Otherwise known as ‘Stage R,’ REM is characterized by the ‘Rapid Eye Movement’ for which it is named, plus a faster heart rate and irregular breathing. Vivid dreams occur during this stage, and studies show that REM aids in our memory, learning and problem-solving abilities.

TRUE OR FALSE: Common Sleep Misconceptions

 

From old wives’ tales to fake news, there is a lot of misleading information surrounding the topic at hand. Such sleep myths, if believed, can lead to insufficient and poor sleep quality despite our best efforts.

 

Here are the top 4 misconceptions on sleep that need to be debunked:

 

“You can ‘catch up’ on sleep.”

False. Many people sleep less during the weekdays and try to make it up on weekends. Contrary to popular belief, you can’t quite catch up on lost sleep by sleeping more at another time. 

 

Sleep deprivation has long-term health consequences and loss of sleep is accumulated as a ‘sleep debt’ that compounds as it gets larger -- with health problems, poor performance, stress and loss of focus.

 

Catching those extra ZZZs over the weekend may reduce daytime drowsiness, but it will not reverse the health effects of sleep deprivation.

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“The older you get, the less sleep you need.”

False, though older adults do frequently sleep less than younger people. Aging can affect a person’s circadian rhythm and make it harder for them to sleep as long as they want. Other health problems that coincide with age, such as arthritis or joint pain, may also interfere with a good night’s sleep. 

 

However, the need for sleep does not decrease. It still remains at the recommended 7 to 9 hours daily.

 

“You can get used to having less sleep.”

False. A few nights of poor sleep will have you feeling markedly drowsy during the day. While energy levels may indeed stabilize if this habit is sustained over weeks or months, it doesn’t mean that your body has conditioned itself to operate with less sleep.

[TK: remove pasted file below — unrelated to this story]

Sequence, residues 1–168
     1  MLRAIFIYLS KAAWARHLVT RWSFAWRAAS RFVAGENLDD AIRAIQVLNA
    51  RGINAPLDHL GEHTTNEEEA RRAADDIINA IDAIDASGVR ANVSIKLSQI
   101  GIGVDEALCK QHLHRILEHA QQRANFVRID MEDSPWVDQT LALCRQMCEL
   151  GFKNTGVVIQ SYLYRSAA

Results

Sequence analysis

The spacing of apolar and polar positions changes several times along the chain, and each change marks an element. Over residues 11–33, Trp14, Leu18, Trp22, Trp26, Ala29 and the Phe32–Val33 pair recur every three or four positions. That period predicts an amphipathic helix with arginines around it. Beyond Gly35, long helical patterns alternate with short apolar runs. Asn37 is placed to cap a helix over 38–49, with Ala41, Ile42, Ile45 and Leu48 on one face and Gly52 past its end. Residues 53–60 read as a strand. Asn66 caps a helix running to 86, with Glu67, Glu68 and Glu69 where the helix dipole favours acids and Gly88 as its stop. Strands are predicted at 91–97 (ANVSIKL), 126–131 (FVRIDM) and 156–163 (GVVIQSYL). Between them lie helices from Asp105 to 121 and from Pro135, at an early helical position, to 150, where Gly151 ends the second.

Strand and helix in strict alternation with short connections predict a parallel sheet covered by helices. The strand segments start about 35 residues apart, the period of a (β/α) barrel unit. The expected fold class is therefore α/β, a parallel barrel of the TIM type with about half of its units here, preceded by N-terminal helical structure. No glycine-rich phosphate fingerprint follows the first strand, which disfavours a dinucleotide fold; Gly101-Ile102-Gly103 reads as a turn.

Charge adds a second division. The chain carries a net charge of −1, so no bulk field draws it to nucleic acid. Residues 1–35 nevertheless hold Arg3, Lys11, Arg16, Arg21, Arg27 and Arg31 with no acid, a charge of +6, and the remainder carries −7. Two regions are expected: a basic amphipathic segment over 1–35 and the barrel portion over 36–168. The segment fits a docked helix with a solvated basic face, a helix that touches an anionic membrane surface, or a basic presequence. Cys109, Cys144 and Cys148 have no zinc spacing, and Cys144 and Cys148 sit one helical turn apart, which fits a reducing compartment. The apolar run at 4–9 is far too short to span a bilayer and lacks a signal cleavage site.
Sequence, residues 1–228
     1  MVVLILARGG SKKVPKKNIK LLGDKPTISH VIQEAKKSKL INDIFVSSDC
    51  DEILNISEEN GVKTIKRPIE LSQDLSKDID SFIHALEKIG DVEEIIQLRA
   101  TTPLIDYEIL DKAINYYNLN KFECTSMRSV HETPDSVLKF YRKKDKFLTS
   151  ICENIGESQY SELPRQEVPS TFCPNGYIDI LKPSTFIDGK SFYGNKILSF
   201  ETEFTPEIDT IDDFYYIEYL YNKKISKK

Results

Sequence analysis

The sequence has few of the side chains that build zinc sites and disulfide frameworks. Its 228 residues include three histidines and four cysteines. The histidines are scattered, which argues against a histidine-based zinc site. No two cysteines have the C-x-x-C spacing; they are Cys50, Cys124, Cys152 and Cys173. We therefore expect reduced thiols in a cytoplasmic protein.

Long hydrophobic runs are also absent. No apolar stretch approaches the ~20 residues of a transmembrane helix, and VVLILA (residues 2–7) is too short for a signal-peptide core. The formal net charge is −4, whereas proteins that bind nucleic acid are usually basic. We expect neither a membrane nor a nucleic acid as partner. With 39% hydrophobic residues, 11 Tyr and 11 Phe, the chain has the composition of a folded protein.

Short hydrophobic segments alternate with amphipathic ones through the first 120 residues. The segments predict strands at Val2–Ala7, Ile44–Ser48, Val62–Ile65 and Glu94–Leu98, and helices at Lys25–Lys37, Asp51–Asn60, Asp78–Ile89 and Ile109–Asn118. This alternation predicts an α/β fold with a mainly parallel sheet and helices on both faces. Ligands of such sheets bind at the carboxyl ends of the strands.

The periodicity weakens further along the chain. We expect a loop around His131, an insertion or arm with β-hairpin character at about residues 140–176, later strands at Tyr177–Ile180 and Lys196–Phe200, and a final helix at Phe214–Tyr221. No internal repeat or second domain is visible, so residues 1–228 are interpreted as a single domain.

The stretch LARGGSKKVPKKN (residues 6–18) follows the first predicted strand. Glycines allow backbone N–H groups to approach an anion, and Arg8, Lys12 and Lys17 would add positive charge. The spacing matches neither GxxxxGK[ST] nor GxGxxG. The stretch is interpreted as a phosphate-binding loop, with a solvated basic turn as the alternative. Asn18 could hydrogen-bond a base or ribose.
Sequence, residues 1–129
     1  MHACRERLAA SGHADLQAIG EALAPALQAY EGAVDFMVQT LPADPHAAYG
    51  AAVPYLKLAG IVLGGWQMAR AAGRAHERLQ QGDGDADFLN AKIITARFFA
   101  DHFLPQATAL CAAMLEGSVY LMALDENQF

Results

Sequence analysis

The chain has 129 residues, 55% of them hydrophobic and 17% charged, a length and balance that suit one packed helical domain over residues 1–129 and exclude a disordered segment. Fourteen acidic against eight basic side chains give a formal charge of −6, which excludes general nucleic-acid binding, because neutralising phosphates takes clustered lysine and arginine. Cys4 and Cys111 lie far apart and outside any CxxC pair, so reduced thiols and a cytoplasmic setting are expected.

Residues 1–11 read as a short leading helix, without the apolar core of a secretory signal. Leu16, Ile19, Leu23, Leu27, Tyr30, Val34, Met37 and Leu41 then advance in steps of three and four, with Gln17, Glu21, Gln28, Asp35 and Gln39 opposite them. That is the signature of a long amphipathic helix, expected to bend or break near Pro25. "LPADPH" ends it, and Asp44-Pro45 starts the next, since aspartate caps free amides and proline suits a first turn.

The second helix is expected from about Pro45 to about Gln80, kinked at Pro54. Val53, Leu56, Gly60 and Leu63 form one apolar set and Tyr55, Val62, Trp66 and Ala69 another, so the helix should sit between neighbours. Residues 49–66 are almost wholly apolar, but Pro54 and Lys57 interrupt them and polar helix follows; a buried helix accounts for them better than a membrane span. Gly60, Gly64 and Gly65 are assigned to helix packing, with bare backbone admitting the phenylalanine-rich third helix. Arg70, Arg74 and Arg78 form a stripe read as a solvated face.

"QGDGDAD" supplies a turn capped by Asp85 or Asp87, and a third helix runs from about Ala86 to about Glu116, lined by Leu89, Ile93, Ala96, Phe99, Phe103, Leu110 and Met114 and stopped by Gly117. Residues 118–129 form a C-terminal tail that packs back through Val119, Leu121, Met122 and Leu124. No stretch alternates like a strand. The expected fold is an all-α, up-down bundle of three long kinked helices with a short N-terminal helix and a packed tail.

Persistent sleep deprivation affects overall performance and can impair one’s decision-making, creativity, memory and concentration. In the long term, this can adversely affect overall health -- impairing the immune system, cardiovascular health, metabolism, hormone production and mental well-being.

 

Therefore, it may seem that you’ve grown more accustomed to getting less rest, but it’s not good for your body. You could have serious health problems accumulating, with long-term and irreversible effects.

 

“It doesn’t matter when you sleep, as long as you sleep enough hours.”

You guessed it -- false. Proper Circadian timing is vital for sleep quality -- it’s best to sleep during hours of darkness or at nighttime as much as possible.

 

If this is not possible, e.g., you work a graveyard shift, the best you can do is to simulate the day-night cycles in your 24-hour day. Get blackout curtains and allot a timeframe to completely omit any light from your room when you go to sleep.

MAKING THE GRADE: Understand Sleep on a Deeper Level

 

Learned a thing or two today? Your newfound knowledge on sleep can now be transformed from theory to action. 

 

Quality rest is an investment that will net positive benefits on how you feel and spill over into your work, relationships, health, and the rest of your life.

 

If you want to understand your sleep even better, our Majestic Beds Team is here for you! Feel free to send us a message to speak with our Sleep Experts. We can help you find the best sleep solution for your needs.